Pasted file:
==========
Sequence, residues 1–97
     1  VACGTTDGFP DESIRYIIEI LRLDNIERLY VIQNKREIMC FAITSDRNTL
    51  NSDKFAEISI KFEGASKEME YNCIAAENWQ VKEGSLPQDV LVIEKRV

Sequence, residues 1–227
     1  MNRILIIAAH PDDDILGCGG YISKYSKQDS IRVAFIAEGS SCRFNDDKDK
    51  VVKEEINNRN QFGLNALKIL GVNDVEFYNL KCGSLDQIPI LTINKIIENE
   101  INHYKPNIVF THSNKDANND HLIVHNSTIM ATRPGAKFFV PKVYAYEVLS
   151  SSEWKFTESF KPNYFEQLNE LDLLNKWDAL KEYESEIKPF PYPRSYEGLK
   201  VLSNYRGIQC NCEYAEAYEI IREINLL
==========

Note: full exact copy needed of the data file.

Sequence, residues 1–97
     1  VACGTTDGFP DESIRYIIEI LRLDNIERLY VIQNKREIMC FAITSDRNTL
    51  NSDKFAEISI KFEGASKEME YNCIAAENWQ VKEGSLPQDV LVIEKRV

Sequence, residues 1–227
     1  MNRILIIAAH PDDDILGCGG YISKYSKQDS IRVAFIAEGS SCRFNDDKDK
    51  VVKEEINNRN QFGLNALKIL GVNDVEFYNL KCGSLDQIPI LTINKIIENE
   101  INHYKPNIVF THSNKDANND HLIVHNSTIM ATRPGAKFFV PKVYAYEVLS
   151  SSEWKFTESF KPNYFEQLNE LDLLNKWDAL KEYESEIKPF PYPRSYEGLK
   201  VLSNYRGIQC NCEYAEAYEI IREINLL